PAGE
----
And finally, Bob Pusateri announced that Chicago will be hosting SQLSaturday #67 on March 26.

IN OTHER NEWS...

SQLSaturday is a fantastic venue to hone your presentation skills. Brent Ozar blogged about these (and other) opportunities for up-and-coming speakers in 2011. 

For those about to host or thinking of hosting a SQLSaturday, you may be interested in Kathi Kellenberger's insightful interview with SQLSaturday #53 organizer, Bill Fellows

Before we go, we have to point you to this fantastic post by Wendy Pastrick. Wendy won the 2010 PASSion Award as PASS's most outstanding volunteer -- she blogs about how this came about and the role SQLSaturday played in her success. Congratulations again, Wendy! 

Want to attend a SQLSaturday? Check out the SQLSaturday website or "Upcoming In-Person Events" on the PASS Home page for upcoming dates near you.

Want to put on your own SQLSaturday? Click here to get started.

What's Your PASSion?

[Cross-posted from Wendy Pastrick's blog at wendyverse.blogspot.com]

It's a little late for a SQL PASS Summit 2010 recap, but I still wanted to share some of my experience from the event.

Each year, an award is given to a single recipient for displaying a passion in working with PASS and the SQL Server Community: The PASSion Award. This year, I was honored and humbled to be that person. Looking back at this past year, I'm dumbfounded to see all the things in which I became involved. It started with a letter sent to my current General Manager trying to justify my attendance at the Summit. What did I do? Started a new User Group in the Chicago suburbs, tried my hand at blogging, brought together Team SQL Saturday for the Chicago event, worked as co-chair for the Women In Technology Virtual Chapter, worked on the WIT Luncheon for the Summit, spoke at a few UG meetings and SQL Saturdays, and became a Regional Mentor for the Midwest. You know what, even looking at that list, I still feel that I didn't do all I wanted. Most of these things were (and still are) hard work, and yes, the ball gets dropped now and then. Looks like Michelangelo's theory is true:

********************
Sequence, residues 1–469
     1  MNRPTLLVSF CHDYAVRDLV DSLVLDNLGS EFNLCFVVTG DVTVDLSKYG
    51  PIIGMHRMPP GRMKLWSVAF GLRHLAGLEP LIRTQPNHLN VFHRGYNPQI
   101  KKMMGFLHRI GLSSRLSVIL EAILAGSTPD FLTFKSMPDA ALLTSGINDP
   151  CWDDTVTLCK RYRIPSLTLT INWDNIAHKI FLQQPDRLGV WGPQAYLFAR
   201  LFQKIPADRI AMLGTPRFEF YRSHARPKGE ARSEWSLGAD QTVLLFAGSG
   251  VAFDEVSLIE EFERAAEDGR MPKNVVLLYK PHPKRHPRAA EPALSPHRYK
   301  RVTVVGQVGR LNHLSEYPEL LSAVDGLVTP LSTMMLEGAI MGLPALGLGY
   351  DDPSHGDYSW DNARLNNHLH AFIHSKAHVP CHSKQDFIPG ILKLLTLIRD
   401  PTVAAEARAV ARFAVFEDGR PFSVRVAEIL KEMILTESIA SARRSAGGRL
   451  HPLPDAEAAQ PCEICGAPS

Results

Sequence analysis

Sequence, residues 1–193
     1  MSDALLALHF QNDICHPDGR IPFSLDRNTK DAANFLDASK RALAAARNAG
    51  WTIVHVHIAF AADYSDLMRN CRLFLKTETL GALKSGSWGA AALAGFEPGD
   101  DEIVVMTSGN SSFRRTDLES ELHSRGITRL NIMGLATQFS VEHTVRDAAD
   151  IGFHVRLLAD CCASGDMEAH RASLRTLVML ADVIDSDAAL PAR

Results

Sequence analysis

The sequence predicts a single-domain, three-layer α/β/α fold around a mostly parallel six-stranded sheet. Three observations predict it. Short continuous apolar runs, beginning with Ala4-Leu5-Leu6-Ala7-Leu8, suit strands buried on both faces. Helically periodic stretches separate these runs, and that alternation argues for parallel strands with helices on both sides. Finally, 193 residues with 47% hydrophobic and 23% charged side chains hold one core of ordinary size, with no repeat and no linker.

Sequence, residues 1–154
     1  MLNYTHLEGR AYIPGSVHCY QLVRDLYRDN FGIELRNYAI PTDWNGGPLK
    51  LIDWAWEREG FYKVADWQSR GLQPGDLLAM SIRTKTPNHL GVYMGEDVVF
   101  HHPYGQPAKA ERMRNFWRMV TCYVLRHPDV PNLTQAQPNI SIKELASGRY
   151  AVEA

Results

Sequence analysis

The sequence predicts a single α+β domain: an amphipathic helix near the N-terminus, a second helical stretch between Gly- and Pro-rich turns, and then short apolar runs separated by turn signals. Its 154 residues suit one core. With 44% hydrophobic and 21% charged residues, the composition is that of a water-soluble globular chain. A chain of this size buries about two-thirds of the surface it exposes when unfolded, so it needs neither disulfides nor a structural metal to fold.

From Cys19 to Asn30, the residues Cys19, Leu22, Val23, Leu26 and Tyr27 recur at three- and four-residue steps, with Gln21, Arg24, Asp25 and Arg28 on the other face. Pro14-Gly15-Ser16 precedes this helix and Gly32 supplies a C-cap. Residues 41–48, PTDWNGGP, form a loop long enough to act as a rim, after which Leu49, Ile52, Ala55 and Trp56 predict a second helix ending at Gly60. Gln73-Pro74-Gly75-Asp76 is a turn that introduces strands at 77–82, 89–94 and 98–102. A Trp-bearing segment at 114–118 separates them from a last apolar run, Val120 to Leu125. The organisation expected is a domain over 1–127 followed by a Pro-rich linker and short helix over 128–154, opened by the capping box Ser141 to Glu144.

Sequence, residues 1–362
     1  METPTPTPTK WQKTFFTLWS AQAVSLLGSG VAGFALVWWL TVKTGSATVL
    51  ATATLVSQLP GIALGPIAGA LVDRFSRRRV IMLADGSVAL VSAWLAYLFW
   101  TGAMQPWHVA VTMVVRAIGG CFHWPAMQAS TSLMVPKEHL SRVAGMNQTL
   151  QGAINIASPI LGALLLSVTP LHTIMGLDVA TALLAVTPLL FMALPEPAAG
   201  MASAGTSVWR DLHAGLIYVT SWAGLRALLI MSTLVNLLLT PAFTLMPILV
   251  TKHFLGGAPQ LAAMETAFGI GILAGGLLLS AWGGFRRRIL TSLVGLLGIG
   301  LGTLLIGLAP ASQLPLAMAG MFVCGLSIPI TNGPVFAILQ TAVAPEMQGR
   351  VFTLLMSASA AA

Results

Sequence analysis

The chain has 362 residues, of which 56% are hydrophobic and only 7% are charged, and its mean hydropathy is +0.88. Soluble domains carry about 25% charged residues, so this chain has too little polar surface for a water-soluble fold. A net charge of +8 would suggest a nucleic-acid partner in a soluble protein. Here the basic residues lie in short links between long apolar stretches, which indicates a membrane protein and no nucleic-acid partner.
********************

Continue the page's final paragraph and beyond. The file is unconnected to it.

“The greater danger for most of us lies not in setting our aim too high and falling short; but in setting our aim too low, and achieving our mark.”

I started thinking 'What drives passion'? What motivates any one person to get out there and spend their spare time working on things that may or may not come to fruition? Taking a look inward, I have to say that I never intended to do any of these things with any tangible goals in mind other than "bring people together". As to the question of Why? - honestly it was more the fact that I had a an opportunity to work with really fun people who wanted to do the same things I did - so, I took it. Maybe I just got lucky that those opportunities happened somewhat simultaneously. However, looking at it more realistically, each one grew out of another.

Thank you to all the wonderful people I've met, worked with and studied from over this past year. You make it fun and worth doing!

So, go now, find your PASSion and have fun, plus meet like-minded people along the way! You really can get back out of it, sometimes even greater than, what you put into it.

Consider yourself tagged :)

[posted to PASS Blog by Hannes Bez on behalf of Wendy Pastrick]